Residency in Ministry

A Program of The Arkansas Conference Board of Ordained Ministry

Who is in Residency & the RIM program?

Commissioned provisional elders and provisional deacons who
  • have completed all educational requirements,
  • received a full time appointment (less than full-time appointments are considered on a case-by-base basis), and
  • are seeking full membership and ordination in the Arkansas Conference
shall enter a Residency in Ministry (RIM) process. It is the responsibility of the Board of Ordained Ministry (BOM) to nurture and evaluate those persons who are provisional members of the Arkansas Conference.

What are the goals and expectations of the RIM program?

“The mission of the United Methodist Church is to make disciples of Jesus Christ for the transformation of the world.” Our Arkansas Annual Conference Trajectory for the coming years: “Creating vital congregations that make disciples of Jesus Christ, who make disciples, equipped and sent to transform lives, communities and the world.” Together as United Methodists of Arkansas, we live out this mission and this trajectory. The Residency in Ministry process seeks to fulfill this mission by fulfilling the following goals:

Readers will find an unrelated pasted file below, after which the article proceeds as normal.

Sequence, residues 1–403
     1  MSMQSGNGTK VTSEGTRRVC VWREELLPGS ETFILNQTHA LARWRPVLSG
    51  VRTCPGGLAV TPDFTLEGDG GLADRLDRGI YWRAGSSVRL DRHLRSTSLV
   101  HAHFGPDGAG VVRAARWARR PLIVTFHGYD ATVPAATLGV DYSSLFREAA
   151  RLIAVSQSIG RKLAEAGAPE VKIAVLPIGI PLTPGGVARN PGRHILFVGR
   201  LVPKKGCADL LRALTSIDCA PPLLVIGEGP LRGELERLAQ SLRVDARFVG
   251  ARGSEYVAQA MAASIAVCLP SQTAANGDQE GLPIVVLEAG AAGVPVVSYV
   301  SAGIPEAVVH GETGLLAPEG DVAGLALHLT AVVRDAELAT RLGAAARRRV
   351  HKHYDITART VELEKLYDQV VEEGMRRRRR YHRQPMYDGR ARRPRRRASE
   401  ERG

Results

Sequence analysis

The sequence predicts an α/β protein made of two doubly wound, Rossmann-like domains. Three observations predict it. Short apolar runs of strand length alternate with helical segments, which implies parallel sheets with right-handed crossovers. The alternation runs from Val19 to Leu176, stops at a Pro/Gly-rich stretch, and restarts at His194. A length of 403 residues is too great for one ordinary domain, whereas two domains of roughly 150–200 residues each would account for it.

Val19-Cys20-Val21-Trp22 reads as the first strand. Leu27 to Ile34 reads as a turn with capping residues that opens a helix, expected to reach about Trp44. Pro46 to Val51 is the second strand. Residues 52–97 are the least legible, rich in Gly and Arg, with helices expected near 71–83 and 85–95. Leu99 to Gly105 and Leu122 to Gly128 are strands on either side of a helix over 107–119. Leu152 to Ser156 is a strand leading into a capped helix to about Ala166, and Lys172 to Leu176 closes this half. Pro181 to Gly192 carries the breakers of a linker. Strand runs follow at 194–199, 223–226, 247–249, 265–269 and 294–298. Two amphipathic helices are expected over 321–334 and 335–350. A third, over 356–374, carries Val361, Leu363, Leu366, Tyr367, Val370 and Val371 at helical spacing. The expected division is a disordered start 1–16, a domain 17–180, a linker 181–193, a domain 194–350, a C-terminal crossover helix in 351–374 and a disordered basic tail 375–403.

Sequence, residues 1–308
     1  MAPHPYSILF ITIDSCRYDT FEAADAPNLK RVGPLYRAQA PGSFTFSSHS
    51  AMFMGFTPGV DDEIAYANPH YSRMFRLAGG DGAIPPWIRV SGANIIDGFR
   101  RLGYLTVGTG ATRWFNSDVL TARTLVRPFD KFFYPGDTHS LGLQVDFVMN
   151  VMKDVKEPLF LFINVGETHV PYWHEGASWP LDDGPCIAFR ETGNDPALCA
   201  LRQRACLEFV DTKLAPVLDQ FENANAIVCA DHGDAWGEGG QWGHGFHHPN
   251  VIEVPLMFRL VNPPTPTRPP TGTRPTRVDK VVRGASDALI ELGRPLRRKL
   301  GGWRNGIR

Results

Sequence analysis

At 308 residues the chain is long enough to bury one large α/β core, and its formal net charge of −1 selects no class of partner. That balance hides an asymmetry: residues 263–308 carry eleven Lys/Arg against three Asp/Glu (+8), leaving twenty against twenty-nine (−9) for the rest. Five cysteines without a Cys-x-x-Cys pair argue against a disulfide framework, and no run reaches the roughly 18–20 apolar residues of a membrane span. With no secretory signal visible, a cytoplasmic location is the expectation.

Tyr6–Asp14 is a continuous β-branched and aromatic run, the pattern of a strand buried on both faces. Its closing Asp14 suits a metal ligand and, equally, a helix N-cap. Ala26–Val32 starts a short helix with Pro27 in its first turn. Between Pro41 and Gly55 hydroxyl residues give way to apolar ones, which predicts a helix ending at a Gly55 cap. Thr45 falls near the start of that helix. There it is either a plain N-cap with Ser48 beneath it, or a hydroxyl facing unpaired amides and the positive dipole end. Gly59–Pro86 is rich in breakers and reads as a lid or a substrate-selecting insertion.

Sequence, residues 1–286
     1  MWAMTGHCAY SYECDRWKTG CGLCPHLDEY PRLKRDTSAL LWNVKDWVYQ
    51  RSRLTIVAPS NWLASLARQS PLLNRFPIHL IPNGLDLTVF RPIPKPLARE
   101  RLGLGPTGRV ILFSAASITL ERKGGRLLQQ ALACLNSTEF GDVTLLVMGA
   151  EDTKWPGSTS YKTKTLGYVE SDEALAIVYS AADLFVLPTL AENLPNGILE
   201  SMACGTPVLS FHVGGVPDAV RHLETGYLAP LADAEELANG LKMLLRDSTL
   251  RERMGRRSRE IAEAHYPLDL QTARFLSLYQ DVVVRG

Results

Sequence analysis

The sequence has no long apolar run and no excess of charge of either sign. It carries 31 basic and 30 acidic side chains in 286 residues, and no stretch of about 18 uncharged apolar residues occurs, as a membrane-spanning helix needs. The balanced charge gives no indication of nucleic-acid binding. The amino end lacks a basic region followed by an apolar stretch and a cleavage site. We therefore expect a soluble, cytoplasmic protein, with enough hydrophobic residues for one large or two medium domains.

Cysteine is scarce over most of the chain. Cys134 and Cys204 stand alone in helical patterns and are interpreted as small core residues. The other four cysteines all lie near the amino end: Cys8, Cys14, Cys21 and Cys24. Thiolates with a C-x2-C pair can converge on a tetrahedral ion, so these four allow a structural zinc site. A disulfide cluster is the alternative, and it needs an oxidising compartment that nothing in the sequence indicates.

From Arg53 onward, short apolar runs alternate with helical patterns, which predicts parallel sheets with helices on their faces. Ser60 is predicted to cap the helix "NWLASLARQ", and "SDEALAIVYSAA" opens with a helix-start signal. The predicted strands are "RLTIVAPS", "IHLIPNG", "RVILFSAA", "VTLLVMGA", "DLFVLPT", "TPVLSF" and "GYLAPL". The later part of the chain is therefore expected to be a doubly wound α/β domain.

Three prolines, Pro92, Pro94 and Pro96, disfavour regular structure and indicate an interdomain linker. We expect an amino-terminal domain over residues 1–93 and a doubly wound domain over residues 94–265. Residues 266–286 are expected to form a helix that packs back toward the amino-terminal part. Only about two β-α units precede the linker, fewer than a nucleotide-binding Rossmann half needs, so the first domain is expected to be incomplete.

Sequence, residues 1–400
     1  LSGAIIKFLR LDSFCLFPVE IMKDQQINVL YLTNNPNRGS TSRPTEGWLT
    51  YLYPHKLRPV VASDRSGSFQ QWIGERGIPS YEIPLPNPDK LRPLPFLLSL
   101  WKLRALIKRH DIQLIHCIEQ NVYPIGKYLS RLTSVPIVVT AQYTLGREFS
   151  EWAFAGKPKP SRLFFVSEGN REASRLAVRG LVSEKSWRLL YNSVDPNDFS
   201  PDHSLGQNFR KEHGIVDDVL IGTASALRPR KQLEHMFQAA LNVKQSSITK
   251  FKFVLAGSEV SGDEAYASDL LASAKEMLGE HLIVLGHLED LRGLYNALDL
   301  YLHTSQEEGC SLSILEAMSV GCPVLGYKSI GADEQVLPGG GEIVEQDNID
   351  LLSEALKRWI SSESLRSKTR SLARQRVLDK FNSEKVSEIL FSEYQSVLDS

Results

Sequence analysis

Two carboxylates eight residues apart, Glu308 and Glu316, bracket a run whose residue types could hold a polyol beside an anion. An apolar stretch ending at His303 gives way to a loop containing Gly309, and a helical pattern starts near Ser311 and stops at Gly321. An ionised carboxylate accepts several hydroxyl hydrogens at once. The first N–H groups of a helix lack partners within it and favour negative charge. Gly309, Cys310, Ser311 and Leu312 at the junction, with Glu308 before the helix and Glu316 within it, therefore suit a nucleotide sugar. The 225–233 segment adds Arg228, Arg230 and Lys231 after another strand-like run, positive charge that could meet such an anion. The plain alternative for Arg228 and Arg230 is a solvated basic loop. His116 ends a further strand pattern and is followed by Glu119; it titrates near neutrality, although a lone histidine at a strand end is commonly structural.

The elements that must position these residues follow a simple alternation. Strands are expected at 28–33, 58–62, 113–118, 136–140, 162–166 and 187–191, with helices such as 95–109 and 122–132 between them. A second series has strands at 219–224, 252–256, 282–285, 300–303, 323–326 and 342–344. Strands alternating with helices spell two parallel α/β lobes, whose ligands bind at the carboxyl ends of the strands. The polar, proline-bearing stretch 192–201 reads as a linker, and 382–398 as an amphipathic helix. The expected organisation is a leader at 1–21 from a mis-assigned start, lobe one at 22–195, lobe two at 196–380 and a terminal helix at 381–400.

• Provide the BOM with the evaluative tools necessary to gauge the effectiveness of provisional members seeking ordination and full connection.
  • Assist provisional members in their transition into ministry, guiding them into deeper fruitfulness and effectiveness in becoming excellent and passionate clergy, toward the goal of fulfilling the mission of the UMC and the Arkansas Conference.
  • Create opportunities for communities of practice for peer group learning, discipleship, and support among the residents.